Thursday, April 25

Open access to research remains focus for UC after end to Elsevier negotiations


The UC’s contract with Elsevier, a publisher of over 2,500 scientific journals, expired Dec. 31. The UC ended negotiations with Elsevier on Feb. 28, after they had gone on for eight months. (Daily Bruin file photo)

The UC’s contract with Elsevier, a publisher of over 2,500 scientific journals, expired Dec. 31. The UC ended negotiations with Elsevier on Feb. 28, after they had gone on for eight months. (Daily Bruin file photo)


This post was updated April 3 at 3:32 p.m.

The University of California reaffirmed its commitment to promoting open access to research by terminating its negotiations for a new contract with a scientific journal publisher, UC negotiators and students said.

The UC’s previous contract with Elsevier, a publisher of over 2,500 scientific journals, expired Dec. 31. The UC ended negotiations with Elsevier on Feb. 28, after they had been ongoing for eight months.

Last year, the UC paid more than $10 million in subscription costs to Elsevier. Researchers also paid $1 million per year in additional fees to publish their work in certain Elsevier journals that make articles available to the public for free.

The UC hoped a new contract would reduce costs, make free access to UC research the default and combine subscription costs to read Elsevier journal articles with those extra author publishing fees, said Jeffrey MacKie-Mason, the co-chair of the UC Journal Negotiations Task Force and university librarian at UC Berkeley, in an email statement.

Elsevier offered to meet these terms in exchange for an 80 percent increase in fees, or approximately $30 million more over three years compared to the previous contract, MacKie-Mason said. The negotiators told Elsevier the price increase was still far from their target cost, he said.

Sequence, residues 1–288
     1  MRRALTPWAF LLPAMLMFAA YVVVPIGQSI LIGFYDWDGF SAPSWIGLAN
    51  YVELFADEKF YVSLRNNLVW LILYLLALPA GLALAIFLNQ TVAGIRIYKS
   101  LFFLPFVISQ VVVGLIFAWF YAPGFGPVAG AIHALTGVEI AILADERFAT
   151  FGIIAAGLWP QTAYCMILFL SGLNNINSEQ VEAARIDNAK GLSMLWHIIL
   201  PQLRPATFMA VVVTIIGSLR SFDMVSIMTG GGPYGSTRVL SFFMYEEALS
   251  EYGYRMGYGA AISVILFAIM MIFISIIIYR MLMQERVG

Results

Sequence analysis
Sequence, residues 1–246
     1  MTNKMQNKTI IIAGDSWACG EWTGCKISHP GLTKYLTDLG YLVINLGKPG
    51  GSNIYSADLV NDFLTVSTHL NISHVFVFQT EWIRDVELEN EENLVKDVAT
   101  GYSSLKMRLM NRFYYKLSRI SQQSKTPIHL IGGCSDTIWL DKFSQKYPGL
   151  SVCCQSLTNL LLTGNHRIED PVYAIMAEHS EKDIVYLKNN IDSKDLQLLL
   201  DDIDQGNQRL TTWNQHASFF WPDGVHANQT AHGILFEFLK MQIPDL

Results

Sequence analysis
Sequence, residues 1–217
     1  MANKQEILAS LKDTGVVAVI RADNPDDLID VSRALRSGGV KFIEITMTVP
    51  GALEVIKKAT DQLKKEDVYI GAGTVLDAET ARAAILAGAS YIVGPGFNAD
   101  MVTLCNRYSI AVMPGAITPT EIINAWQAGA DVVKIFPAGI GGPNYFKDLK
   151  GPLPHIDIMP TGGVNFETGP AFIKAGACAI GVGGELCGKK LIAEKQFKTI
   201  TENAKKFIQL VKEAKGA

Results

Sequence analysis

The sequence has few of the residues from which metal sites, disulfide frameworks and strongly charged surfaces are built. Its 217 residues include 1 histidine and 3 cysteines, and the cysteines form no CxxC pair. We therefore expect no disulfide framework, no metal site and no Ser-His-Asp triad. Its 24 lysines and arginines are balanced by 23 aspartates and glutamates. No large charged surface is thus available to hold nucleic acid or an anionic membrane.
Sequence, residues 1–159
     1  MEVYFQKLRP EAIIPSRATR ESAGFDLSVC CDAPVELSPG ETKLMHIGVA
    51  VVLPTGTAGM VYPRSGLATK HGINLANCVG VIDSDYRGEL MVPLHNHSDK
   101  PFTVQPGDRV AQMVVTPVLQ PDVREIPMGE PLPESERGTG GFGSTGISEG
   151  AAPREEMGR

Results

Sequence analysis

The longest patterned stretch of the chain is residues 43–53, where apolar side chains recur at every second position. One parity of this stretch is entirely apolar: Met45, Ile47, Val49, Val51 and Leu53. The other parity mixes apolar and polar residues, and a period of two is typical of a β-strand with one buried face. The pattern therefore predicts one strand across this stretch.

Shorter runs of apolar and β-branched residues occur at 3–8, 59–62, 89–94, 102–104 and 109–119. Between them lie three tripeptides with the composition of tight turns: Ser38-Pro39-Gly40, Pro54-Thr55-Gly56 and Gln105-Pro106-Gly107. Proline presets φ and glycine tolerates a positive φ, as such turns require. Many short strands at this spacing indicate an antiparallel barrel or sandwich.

MacKie-Mason said the negotiators realized they should end their attempts to broker an agreement when Elsevier misrepresented the state of negotiations in communications with media and UC faculty who serve as editors for Elsevier journals. The UC announced the decision to end the negotiations in a press release Feb. 28.

Stephanie DeMarco, a graduate student in molecular biology, said she had heard a little about the negotiations. She said keeping up to date with the latest research in her field is important, so the end of the subscription would make it harder for her to browse through articles.

The UC offers interlibrary loans from libraries outside the UC to allow students and faculty to read articles the UC does not have access to. Articles are delivered within two to four days. In some time-sensitive situations, like a medical emergency, articles will be delivered within 24 hours, according to UCLA Library’s website.

DeMarco said despite any inconvenience, she thinks ending the Elsevier subscriptions is good because research should be open for all to read.

“Everyone benefits from the research that we do at UCLA, and so they should have an opportunity to actually see that research,” she said.

Ivy Anderson, co-chair of the UC Publisher Negotiation Task Force and associate executive director of the UC California Digital Library, said in an email statement that open access in research guides the UC’s negotiations with other publishers as well, but different publishing models can meet that goal.

“While the industry is not going to change overnight, our goal is for the public and the world to have access to research – to our UC research – that is funded by the public in the first place,” MacKie-Mason said. “That is core to our mission as a public university.”

The end of the contract with Elsevier has effects beyond UC campuses, though. Anderson said the UC’s example is encouraging discussion of open-access publishing elsewhere.

“We hope our actions will embolden others to think that open access is worth fighting for, and that the time for that is now,” she said.

MacKie-Mason said the UC wants to help other institutions move from relying on the traditional journal subscription model to open-access models, so costs paid to journals would be associated with publishing articles rather than reading them.

“We’re trying to transform the entire industry,” he said. “We’re trying to design a contract that works under a U.S. funding model that can be replicated by other universities.”

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